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Dauntless Armor – Armor Sets, Perks, and What Is Dauntless Best Armor

Dauntless armor is about far more than just looking sharp, although that does help. In fact, your armor is the only thing that’s going to stop the Behemoths you hunt one-shot killing you. To actually get new armor, you need to go out on hunts and use the parts dropped from these huge beasts, but how do you know which is the Dauntless best armor? Well, we’ve put together a small Dauntless armor guide to help you figure it all out. 

Dauntless Armor Guide

There are four different places for the armor you can wear; head, torso, arms, and legs. Each piece of armor has its own resistance, elemental resistance and weakness, and perks. On top of that, there are cell slots in some pieces as well, which allow you to augment a piece of armor to better suit your needs.

There aren’t really any benefits to wearing a full set of armor, so you’re often better off mixing and matching in order to get the right perks, but that’s something you’ll figure out as you play. The most important thing to keep in mind is that each armor set can be gained by farming the corresponding Behemoth. Other than that, it’s all just a matter of figuring out which perks and resistances you want. It’s because of this that there isn’t really a Dauntless best armor, it’s more about what is right for the hunt you are about to go on.

Dauntless Armor Sets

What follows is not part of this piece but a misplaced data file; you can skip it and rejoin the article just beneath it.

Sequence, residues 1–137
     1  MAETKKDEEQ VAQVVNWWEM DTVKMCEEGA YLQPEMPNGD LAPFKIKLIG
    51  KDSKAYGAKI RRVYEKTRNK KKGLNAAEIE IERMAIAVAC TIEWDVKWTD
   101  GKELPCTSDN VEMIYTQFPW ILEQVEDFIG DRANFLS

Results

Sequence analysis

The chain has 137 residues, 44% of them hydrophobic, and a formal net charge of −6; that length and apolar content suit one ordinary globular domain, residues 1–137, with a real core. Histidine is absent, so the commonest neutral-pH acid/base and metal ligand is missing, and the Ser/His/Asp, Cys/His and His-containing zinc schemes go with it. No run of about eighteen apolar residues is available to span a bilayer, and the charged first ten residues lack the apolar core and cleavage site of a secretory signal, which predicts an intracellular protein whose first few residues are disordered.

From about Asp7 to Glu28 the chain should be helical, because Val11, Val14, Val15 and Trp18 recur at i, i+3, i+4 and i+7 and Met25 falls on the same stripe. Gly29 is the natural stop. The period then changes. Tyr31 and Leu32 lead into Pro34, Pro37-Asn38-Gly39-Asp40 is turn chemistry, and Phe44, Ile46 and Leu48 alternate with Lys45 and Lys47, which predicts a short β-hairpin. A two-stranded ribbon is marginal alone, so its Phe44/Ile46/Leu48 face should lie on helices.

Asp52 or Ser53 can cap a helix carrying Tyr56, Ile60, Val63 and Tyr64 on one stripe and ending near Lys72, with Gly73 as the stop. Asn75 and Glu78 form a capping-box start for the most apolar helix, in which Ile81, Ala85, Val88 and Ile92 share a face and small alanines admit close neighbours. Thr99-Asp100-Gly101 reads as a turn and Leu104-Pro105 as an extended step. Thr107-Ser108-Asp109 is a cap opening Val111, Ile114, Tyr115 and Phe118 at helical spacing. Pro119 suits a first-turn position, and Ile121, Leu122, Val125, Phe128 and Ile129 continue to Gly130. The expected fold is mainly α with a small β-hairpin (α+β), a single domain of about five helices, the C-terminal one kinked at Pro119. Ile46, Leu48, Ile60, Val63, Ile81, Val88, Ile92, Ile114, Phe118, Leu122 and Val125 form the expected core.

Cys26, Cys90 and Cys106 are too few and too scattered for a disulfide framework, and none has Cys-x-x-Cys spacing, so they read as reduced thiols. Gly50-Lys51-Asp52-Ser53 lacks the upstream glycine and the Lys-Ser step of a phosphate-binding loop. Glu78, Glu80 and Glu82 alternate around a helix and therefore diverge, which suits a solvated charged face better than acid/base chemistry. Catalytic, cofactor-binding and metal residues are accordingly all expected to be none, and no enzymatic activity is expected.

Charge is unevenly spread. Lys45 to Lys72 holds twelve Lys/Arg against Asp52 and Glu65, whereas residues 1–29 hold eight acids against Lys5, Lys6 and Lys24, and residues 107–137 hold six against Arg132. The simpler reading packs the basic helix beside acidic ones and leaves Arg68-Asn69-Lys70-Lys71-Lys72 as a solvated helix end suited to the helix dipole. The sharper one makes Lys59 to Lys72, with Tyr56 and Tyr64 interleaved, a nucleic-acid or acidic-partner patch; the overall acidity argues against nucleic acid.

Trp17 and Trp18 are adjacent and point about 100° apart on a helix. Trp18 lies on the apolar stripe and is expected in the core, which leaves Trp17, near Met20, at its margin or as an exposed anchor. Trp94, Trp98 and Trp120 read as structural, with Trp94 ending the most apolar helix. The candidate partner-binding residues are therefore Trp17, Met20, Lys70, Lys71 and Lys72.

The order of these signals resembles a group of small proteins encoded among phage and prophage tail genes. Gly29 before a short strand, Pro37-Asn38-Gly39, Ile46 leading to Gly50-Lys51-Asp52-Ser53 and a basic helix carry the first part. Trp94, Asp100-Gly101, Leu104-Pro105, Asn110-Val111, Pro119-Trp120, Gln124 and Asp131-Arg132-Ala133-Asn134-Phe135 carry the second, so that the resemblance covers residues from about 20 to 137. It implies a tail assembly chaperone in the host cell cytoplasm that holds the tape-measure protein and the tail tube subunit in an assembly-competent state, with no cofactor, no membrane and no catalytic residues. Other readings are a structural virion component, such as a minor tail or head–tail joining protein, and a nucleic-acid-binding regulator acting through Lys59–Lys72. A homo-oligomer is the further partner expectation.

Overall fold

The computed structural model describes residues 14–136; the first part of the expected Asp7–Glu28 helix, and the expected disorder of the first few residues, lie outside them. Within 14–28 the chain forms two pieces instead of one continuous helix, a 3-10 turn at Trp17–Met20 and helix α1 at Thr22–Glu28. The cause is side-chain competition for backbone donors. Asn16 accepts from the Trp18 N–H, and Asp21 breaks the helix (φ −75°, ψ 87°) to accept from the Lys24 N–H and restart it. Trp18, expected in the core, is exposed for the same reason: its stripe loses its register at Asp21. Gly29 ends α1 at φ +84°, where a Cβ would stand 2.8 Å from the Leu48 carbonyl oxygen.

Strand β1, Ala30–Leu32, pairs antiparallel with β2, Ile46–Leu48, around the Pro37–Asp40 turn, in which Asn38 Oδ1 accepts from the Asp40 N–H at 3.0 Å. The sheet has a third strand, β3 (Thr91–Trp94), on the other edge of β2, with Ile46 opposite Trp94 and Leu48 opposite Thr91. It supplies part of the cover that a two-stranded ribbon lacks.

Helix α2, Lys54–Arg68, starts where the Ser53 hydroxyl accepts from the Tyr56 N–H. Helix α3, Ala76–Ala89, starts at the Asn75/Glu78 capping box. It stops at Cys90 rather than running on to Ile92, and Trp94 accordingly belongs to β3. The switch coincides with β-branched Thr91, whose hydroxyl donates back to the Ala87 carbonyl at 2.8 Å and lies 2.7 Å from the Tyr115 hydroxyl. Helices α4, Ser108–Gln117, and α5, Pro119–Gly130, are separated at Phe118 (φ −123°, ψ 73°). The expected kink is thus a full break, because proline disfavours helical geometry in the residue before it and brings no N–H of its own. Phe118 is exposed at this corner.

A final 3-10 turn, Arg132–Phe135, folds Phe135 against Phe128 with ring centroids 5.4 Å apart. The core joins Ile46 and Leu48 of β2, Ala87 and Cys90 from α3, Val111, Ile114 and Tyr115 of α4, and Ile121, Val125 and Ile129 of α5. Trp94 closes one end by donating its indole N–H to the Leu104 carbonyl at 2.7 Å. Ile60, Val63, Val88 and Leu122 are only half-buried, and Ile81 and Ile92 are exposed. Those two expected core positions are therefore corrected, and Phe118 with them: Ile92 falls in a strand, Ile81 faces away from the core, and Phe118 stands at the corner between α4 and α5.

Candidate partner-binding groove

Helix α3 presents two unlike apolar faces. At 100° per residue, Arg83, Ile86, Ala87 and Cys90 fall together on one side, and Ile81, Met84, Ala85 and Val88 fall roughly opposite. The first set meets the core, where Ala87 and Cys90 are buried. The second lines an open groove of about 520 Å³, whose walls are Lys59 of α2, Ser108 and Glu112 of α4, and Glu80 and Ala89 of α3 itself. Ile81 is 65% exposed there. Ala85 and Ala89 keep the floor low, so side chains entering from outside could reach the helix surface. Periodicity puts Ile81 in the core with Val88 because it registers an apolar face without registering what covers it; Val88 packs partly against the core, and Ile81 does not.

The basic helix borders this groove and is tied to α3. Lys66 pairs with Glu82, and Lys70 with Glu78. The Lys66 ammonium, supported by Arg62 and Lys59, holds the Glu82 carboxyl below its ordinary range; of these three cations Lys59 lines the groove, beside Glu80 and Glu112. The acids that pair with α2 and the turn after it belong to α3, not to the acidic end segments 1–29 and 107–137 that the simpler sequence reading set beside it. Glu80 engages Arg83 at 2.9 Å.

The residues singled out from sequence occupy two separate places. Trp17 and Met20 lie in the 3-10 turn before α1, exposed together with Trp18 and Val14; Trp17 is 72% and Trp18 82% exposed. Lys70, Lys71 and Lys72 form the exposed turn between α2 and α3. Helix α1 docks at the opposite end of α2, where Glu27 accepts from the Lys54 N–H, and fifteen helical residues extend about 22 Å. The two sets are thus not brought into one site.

Each piece of armor, other than the Recruit’s Armor, starts off with 25 resistance and can be levelled up to 137.5 resistance. On top of this, they will grant you an elemental resistance of 25 and an elemental weakness of 25 too, these go hand in hand with the element they are, so if you have Blaze armor then you’ll be strong to Blaze but weak against frost. Here is the list of armor sets:

  • Recruit’s Armor (Neutral) 
  • Gnasher Armor (Neutral) 
  • Shrike Armor (Neutral)
  • Quillshot Armor (Neutral) 
  • Charrogg Armor (Blaze) 
  • Embermane Armor (Blaze) 
  • Hellion Armor (Blaze) 
  • Skraev Armor (Frost)
  • Pangar Armor (Frost) 
  • Boreus Armor (Frost) 
  • Rezakiri Armor (Radiant)
  • Valomyr Armor (Radiant)
  • Drask Armor (Shock) 
  • Nayzaga Armor (Shock) 
  • Stormclaw Armor (Shock) 
  • Skarn Armor (Terra) 
  • Kharabak Armor (Terra) 
  • Koshai Armor (Terra) 
  • Shrowd Armor (Umbral) 
  • Riftstalker Armor (Umbral) 

Each of these sets will give you a full resistance and weakness of 100, but mixing and matching them can help offset that. As such, it’s often better to simply decide which perks you want. This allows you to not worry about changing your armor too often. You only need to go for a specific elemental resistance if you’re really struggling against a specific Behemoth.

Each piece of armor can be upgraded from a base level to +15, which will allow it to reach its maximum values. Due to how expensive this can be, it’s usually best to focus on an all-purpose collection of different pieces first, before venturing into specific sets as you make your way to the endgame. Otherwise, you’re going to be grinding forever.

With all that armor knowledge with you, you might want a weapon or two. Here’s where you can get all the weapon information you’ll ever need.